Ageing and Society



The diversity and welfare of older migrants in Europe


ANTHONY M. WARNES a1c1, KLAUS FRIEDRICH a2, LEONIE KELLAHER a3 and SANDRA TORRES a4
a1 Sheffield Institute for Studies on Ageing, University of Sheffield, UK.
a2 Institut für Geographie, Martin-Luther-Universität Halle-Wittenberg, Germany.
a3 Department of Applied Social Studies, London Metropolitan University, London, UK.
a4 Department of Social Sciences, Mälardalen University, Västerås, Sweden.

Article author query
warnes a   [PubMed][Google Scholar] 
friedrich k   [PubMed][Google Scholar] 
kellaher l   [PubMed][Google Scholar] 
torres s   [PubMed][Google Scholar] 

Abstract

This paper sets the scene and provides a conceptual framework for the articles in this special issue. They present the findings of research on European residents who have reached or are on the threshold of old age and whose current circumstances have been strongly influenced by a migration across an international border. Such ‘older migrants’ are scattered throughout Europe and they have especially diverse characteristics. They include some of the most deprived and socially excluded, and some of the most affluent and accomplished, but all to a greater or lesser extent are disadvantaged through an interaction between social policies and their ‘otherness’ by living in a foreign country. Some claim attention through the severity of their unmet health and welfare needs and poor capacity to access advice and treatment, while the affluent groups are of great interest to social gerontology because of their enterprising, developmental and positive approaches to old age. They include among the most innovative of the latest generation of older people, who pursue new combinations of family responsibilities, leisure pursuits and income generation. The paper proposes that the concept ‘human capital’ summarises variations in preparedness for old age, that is, the resources by which people cope with demands for income, roles, treatment, care and support. A typology of the ‘welfare position’ of international migrants in contemporary Europe is presented.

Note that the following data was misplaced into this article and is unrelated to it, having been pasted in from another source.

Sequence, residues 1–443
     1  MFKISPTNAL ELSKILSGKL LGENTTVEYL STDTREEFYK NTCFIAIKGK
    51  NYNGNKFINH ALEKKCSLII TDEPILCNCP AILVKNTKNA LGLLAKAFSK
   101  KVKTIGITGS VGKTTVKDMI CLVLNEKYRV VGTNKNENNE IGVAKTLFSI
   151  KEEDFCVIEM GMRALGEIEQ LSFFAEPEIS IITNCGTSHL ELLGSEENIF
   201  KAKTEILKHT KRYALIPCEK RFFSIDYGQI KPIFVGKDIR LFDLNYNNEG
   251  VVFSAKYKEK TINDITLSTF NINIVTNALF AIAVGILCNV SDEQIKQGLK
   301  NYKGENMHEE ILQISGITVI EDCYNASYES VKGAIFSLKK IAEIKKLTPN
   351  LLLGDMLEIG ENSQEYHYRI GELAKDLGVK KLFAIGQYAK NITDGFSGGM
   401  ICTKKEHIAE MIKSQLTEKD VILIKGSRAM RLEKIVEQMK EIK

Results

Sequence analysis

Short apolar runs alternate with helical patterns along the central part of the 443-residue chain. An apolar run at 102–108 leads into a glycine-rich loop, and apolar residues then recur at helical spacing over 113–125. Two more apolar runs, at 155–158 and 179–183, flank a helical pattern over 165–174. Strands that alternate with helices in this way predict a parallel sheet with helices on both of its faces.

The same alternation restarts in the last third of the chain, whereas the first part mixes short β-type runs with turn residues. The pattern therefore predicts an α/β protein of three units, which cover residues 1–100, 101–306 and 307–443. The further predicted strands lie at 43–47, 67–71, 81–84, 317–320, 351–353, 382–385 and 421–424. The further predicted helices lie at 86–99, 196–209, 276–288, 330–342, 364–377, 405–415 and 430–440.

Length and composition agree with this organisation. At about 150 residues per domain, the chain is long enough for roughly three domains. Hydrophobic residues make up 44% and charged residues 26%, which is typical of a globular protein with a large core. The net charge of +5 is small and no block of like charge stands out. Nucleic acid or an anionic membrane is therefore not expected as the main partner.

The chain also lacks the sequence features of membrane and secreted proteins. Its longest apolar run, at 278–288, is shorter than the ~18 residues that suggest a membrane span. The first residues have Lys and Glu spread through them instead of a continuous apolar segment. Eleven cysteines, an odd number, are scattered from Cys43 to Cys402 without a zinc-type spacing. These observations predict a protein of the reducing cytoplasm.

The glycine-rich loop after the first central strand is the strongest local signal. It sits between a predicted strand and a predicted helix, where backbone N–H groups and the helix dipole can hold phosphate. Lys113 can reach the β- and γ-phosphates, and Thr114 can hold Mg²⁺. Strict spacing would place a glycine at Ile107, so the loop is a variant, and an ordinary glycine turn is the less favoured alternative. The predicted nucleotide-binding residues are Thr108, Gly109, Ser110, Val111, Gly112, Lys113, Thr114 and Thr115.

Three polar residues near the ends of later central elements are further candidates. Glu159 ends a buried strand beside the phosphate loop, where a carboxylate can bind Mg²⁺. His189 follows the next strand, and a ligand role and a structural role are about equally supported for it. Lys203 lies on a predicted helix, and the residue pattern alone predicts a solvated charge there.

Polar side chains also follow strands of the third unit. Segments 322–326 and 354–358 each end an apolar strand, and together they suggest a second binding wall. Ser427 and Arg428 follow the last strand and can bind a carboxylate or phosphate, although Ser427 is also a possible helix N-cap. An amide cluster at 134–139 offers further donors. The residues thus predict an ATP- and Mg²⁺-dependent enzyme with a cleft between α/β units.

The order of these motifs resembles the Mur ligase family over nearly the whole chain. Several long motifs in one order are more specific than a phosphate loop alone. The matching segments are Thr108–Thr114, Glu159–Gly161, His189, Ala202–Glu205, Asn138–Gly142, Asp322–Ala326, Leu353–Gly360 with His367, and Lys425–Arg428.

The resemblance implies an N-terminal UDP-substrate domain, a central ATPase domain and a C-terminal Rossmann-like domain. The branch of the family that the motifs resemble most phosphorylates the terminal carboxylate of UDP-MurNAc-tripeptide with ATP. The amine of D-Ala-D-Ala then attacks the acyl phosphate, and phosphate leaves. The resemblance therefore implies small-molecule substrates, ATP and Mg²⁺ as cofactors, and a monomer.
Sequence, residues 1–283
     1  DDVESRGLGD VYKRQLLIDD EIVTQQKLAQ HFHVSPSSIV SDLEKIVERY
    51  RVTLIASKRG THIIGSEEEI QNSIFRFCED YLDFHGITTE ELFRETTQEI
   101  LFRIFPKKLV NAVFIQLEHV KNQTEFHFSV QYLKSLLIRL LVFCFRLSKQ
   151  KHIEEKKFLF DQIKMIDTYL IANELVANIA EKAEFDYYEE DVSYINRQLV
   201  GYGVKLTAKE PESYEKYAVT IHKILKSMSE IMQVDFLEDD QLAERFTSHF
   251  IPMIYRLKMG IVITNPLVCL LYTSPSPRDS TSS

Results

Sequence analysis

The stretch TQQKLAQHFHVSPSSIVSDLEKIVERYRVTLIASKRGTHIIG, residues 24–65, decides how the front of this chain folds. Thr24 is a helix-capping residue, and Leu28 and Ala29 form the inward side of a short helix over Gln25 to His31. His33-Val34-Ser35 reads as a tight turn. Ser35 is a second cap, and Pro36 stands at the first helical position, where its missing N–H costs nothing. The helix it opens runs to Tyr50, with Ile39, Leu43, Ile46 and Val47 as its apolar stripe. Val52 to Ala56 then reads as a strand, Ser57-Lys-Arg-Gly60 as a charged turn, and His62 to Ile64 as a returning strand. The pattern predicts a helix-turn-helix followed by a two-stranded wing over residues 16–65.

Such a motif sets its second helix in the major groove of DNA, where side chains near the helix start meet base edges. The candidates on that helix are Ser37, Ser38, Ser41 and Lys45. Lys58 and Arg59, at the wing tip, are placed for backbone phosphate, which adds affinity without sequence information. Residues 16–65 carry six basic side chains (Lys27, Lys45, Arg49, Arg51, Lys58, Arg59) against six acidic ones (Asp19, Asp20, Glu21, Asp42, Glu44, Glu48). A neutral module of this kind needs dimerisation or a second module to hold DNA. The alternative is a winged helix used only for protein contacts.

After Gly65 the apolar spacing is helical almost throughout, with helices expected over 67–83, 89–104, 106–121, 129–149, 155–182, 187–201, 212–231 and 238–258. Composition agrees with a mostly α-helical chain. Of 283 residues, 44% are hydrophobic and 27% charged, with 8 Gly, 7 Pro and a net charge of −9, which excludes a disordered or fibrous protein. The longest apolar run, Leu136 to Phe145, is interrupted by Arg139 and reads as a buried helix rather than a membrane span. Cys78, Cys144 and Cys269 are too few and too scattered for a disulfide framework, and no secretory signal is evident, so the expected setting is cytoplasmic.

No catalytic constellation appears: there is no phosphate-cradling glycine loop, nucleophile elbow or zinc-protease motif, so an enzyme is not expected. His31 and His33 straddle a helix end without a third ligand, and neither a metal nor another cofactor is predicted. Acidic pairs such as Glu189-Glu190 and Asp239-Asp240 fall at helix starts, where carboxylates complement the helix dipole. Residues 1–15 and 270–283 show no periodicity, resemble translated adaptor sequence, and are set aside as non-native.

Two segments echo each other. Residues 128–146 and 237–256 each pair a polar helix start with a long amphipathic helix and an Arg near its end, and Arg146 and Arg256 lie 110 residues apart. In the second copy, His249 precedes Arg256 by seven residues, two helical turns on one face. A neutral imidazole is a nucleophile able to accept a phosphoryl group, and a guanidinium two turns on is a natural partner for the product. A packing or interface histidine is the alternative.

(Accepted January 29 2004)


Key Words: migration; migrant; minority population; human capital; structured disadvantage; positive ageing.

Correspondence:
c1 Tony Warnes, Sheffield Institute for Studies on Ageing, Elmfield, Northumberland Road, Sheffield S10 2TU.